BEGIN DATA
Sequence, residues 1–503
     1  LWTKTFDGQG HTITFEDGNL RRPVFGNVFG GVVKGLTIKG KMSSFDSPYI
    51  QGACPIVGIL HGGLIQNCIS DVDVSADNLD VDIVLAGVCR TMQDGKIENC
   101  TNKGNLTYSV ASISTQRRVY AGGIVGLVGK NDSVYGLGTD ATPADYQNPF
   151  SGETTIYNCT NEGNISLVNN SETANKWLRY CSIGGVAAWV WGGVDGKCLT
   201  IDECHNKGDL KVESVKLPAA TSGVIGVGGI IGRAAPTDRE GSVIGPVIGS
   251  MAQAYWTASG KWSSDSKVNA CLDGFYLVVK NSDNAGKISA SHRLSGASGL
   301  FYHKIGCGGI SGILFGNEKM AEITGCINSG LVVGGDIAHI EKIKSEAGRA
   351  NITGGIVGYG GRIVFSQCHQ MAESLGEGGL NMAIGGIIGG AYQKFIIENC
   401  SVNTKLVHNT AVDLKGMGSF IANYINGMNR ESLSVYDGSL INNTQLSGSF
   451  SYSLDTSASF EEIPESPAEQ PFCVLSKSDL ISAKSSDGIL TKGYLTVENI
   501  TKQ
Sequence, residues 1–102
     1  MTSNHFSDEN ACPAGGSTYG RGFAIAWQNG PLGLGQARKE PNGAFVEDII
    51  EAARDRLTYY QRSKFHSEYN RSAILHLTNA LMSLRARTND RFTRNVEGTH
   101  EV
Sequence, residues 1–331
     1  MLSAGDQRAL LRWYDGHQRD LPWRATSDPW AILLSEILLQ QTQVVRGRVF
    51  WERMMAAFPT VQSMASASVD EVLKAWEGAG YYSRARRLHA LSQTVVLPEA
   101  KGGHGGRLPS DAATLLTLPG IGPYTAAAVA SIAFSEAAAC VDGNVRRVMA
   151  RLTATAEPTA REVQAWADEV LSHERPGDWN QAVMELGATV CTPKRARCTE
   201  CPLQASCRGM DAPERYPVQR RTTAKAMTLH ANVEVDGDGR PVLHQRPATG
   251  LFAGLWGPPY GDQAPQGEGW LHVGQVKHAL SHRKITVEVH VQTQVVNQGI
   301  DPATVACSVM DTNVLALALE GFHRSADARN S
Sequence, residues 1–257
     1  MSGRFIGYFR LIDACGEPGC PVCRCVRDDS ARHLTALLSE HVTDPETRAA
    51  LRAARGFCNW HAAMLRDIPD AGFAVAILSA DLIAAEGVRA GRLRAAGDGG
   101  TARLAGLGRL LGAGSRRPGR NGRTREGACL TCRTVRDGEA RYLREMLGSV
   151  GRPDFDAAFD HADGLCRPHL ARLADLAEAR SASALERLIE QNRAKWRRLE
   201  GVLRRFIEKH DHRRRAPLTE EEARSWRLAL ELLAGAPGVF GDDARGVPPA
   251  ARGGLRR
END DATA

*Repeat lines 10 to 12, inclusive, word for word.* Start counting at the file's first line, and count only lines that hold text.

   401  SVNTKLVHNT AVDLKGMGSF IANYINGMNR ESLSVYDGSL INNTQLSGSF
   451  SYSLDTSASF EEIPESPAEQ PFCVLSKSDL ISAKSSDGIL TKGYLTVENI
   501  TKQ